It’s no secret that children are influenced by their environment, learning from the people, places, and things around them. For Eden Prairie resident Amalia Moreno-Damgaard, that meant absorbing the lessons taught by family and food in her native Guatemala.
“I call my grandmother on my mother’s side my north star,” said Moreno-Damgaard.
After her parents’ divorce, she lived with her grandmother in a small town in southeastern Guatemala from age 5 to 9. There, Moreno-Damgaard watched (and sometimes helped) her grandmother run her variety store that sold everything from salt and beans to pyrotechnics for celebrations and gear for horses.
Growing up surrounded by indigenous farms, in a place where everyone shopped at the market at the town plaza and made their own food out of necessity, had quite the effect on Moreno-Damgaard. Now, she’s a chef and entrepreneur who wears many hats, with her focus and mission always coming back to food.
“I have always been surrounded by very good cooks,” she said, speaking of her grandmother and other female family members. “So they have helped shape my cooking (and) culinary career.
“Oftentimes what we observe is what we sometimes become,” she continued.
That’s certainly true in Moreno-Damgaard’s case. She has built her own business almost 2,900 miles north of where her grandmother’s store was located, and the business keeps growing.
Shifting focus from banking
Moreno-Damgaard moved to the United States in her late teens and soon embarked on a career in banking. She worked in various roles, including operations, business development and international banking.
While working at a bank in Kansas City, she met Kenn, the man who would become her husband. In 2001, she moved to the Twin Cities area to work for Wells Fargo with Kenn and their son Jens, who was about 2-1/2 years old. After nearly 20 years in banking, she decided it was time for a career change.
“When you become a parent, your priorities start to change,” she said. “I decided that I wanted to spend more time with my son. I didn’t want to miss his early years.”
Moreno-Damgaard doesn’t regret her time in banking, though.
“My time in banking was time well spent because that is where I formed my business acumen,” she said.
The importance of education and inclusion
She took that business acumen and started Amalia Latin Gourmet in 2005.
Her mission, she said, is to “help organizations of all sizes narrow the awareness gap and develop a broader understanding and appreciation of Latin culture and nuances using healthy, gourmet, traditional cuisine as a platform.”
That is where all those hats come into the picture.
Through Amalia Latin Gourmet, she offers gourmet cooking experiences for companies, serves as a bilingual spokeswoman for food and beverage firms to help them in both American and Hispanic markets, and works as a culinary consultant, assisting with tasks like cultural product labeling. She is also a keynote speaker, addressing companies, galas, and conferences on self-empowerment and Hispanic heritage.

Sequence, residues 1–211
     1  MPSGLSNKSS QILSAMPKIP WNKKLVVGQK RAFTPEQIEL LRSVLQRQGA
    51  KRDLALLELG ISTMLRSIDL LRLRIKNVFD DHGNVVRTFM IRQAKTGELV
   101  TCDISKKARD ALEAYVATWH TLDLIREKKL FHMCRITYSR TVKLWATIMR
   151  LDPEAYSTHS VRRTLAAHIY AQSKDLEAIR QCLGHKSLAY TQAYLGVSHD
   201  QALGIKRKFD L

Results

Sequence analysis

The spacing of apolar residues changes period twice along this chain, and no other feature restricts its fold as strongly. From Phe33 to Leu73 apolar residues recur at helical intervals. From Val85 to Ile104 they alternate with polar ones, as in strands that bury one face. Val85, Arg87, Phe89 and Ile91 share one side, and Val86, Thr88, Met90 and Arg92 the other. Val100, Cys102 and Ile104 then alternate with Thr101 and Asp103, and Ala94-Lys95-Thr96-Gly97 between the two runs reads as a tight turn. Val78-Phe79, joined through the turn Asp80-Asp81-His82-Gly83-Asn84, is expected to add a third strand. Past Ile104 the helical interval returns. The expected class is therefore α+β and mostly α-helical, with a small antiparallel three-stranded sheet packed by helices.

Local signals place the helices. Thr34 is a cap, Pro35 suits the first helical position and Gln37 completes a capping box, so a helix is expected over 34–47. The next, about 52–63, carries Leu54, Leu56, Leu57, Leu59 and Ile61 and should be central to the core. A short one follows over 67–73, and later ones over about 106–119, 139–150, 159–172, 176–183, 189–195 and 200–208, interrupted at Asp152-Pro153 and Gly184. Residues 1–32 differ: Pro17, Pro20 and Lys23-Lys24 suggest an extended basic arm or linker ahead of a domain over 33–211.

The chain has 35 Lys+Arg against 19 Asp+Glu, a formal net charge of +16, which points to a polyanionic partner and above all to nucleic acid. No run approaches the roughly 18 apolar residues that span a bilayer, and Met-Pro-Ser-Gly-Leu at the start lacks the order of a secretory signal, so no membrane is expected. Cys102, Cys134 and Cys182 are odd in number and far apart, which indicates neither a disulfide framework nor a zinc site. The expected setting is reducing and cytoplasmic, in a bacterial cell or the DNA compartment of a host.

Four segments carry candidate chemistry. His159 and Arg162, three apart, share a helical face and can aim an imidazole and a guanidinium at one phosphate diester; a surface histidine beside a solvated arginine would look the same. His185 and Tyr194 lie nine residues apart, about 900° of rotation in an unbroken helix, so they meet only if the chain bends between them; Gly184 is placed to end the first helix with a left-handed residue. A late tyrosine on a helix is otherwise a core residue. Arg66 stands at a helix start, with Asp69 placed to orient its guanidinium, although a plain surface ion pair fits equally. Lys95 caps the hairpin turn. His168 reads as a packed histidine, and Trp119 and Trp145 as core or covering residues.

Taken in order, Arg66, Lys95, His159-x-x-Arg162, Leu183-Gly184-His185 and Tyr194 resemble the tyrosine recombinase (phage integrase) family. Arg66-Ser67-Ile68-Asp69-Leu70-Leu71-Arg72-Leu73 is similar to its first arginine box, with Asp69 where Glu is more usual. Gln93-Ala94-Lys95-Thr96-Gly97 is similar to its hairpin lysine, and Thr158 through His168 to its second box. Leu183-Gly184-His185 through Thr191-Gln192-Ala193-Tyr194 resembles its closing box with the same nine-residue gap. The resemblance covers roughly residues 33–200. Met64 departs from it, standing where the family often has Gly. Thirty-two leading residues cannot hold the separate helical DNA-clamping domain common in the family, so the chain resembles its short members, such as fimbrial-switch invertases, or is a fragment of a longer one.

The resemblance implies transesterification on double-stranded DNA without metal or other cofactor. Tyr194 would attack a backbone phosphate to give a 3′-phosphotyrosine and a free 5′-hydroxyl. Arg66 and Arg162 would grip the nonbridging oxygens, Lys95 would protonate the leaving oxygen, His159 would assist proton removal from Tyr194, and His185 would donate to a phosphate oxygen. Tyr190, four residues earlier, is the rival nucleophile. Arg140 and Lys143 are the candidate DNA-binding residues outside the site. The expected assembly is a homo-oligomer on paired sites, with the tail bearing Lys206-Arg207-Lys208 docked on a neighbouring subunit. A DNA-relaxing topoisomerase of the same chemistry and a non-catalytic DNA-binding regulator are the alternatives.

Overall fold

Moreno-Damgaard also found time to write two books.
“Amalia’s Guatemalan Kitchen” and “Amalia’s Mesoamerican Table” are not just cookbooks, Moreno-Damgaard said. They also teach about Latin culture and history, something she tries to do in every branch of her business. There are 21 Latin American countries, and Moreno-Damgaard’s experience is that people sometimes lump all Latin people and countries together.
“The more diverse (the Latin minority) is, the more confusion there is from people, because there’s a lack of understanding of how we differentiate,” she said.
Moreno-Damgaard doesn’t mind the challenges that come with being a minority and the work to teach others.
“I take those challenges as an opportunity to educate people about equity, about diversity and inclusion,” she said. “People here in Minnesota are eager to learn, and they like to learn — particularly if there is something delicious around it.”
She has also noticed changes since she moved to Minnesota.
“One of the beauties of seeing diversity here in the Twin Cities is that the food has changed considerably, so the Twin Cities has become more delicious,” she said.
Moreno-Damgaard has played a large part in that, but she is not resting on her laurels. Hispanic Heritage Month runs from Sept. 15 to Oct. 15, during which she will, of course, be busy cooking and teaching.
“My purpose is my mission; my purpose is my work; my work is education — and my core is proudly Guatemalan,” she said.
Moreno-Damgaard’s calendar of events, including her work during Hispanic Heritage Month, can be found here.
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